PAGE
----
SA’s gig economy sees worsening working conditions

Sibahle Malinga
By Sibahle Malinga, ITWeb senior news journalist.
Johannesburg, 02 Feb 2024
There is a lack of formal worker representation in the South African gig economy.
There is a lack of formal worker representation in the South African gig economy.

Factors such as South Africa’s economic downturn, the aftermath of COVID-19 and poor levels of safety and security have led to the deterioration of working conditions among the country’s platform workers.

This is according to the fifth annual report rating the working conditions in SA’s platform economy, conducted by the Fairwork project at Oxford University.

Fairwork has conducted annual ratings of the working conditions in SA’s platform economy (gig economy) since 2019. The latest report reviews platform workers’ unresolved issues and takes stock of what steps are needed to address them in real terms.

The Fairwork project is an action-research project that certifies best employment practices in the gig economy.

Five online platforms – Uber, Uber Eats, Mr D, Home + and Sweep South – were rated against the Fairwork principles: fair pay, fair conditions, fair contract, fair management and fair representation.

According to the report, the platform economy in SA is reducing unemployment in various industries, providing critical income opportunities for an estimated 135 000 gig workers, or 1% of the employed population in SA’s e-hailing, e-commerce, entertainment and online delivery services.

However, there is still much to be desired in terms of the conditions that workers are subjected to on a day-to-day basis, especially in light of external factors that have worsened platform worker welfare, such as the COVID-19 pandemic.

SA’s economy, in particular, which was beginning to recover after the pandemic, took a significant knock from the war in Ukraine, triggering uncertainty about economic recovery and further impacting the gig economy, it says.

“The latest price increases make fuel in SA about 40% more expensive than a year ago. In addition to increased costs and the challenging economic crisis, platform workers’ safety and security situation is worsening across all sectors,” states the report.

“Almost all workers, across ride-hailing, food delivery and domestic work sectors, noted safety is a significant issue that plagues the day-to-day realities of their working lives,” notes Dr Tobias Kuttler, Fairwork report co-author and research associate at the Fairwork Secretariat.

“While food delivery and ride-hailing workers are constantly exposed to violent crime, such as robbery and car hijacking, domestic workers face challenges in relation to customer treatment and the feeling that they need to complete household tasks they are not comfortable with.”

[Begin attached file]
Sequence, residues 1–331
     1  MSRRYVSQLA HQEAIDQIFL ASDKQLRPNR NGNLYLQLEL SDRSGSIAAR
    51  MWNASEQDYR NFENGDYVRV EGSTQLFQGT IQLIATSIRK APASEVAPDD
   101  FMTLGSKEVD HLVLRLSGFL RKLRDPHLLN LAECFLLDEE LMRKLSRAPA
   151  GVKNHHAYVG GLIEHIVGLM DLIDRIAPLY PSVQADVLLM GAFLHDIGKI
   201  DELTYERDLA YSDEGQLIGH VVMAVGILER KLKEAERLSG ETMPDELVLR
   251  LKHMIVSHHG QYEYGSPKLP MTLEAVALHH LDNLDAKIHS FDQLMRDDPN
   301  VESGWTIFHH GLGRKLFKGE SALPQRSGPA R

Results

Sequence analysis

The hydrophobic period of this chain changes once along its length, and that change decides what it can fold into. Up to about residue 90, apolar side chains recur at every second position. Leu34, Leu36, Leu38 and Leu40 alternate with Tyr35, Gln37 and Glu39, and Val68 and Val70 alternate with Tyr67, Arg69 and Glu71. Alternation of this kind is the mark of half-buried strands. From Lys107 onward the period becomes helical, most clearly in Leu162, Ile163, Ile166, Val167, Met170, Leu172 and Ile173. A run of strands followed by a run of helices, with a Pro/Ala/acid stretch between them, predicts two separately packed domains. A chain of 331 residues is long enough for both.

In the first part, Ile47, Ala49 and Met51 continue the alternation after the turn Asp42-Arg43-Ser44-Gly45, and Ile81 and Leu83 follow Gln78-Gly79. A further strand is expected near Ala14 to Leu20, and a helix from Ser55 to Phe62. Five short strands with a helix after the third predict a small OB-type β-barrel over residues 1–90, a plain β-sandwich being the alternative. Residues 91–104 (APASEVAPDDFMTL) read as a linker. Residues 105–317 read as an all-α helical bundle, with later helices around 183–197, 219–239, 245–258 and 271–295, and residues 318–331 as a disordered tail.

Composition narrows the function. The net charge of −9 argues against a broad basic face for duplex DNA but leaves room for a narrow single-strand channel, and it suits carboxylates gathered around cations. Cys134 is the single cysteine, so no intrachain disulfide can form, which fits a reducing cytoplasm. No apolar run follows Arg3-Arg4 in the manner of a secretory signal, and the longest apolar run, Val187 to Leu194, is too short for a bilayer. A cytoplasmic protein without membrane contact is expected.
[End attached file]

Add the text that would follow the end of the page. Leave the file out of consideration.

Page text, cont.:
Dr Tobias Kuttler, Fairwork report co-author and research associate at the Fairwork Secretariat.
Dr Tobias Kuttler, Fairwork report co-author and research associate at the Fairwork Secretariat.

The study found that alongside these safety issues, and despite a long trade union history, only a few platforms in SA could evidence willingness to formally recognise workers’ unions.

The research highlights the importance of implementing an accessible channel for workers to communicate with others or a union and to listen to their grievances, it states.

Much of this is connected to platform workers being classified as independent contractors. They, therefore, are not provided with the basic labour rights embedded within South African Labour Law, including collective bargaining, freedom of association, and protection against unfair dismissal and discrimination, it says.

“The overall lack of formal worker representation in the South African platform economy continues to be a central issue that negatively impacts workers’ ability to secure better pay and working conditions.”

This is coupled with growing pay insecurity, as take-home pay has significantly decreased. The study finds workers are responding to this situation with increased mobilisation, despite unions and associations not being officially recognised.

“There is nothing inevitable about poor working conditions in the platform economy. Despite their claims to the contrary, platforms have substantial control over the nature of the jobs they mediate.

“Workers who find their jobs through these platforms are ultimately still workers, and there is no basis for denying them the key rights and protections that their counterparts in the formal sector have long enjoyed,” comments professor Mark Graham, Fairwork director.

“We do not need to accept low pay, poor conditions, inequity, and a lack of agency and voice as the norm. We hope that our work – by highlighting the contours of today’s platform economy – paints a picture of what it could become.”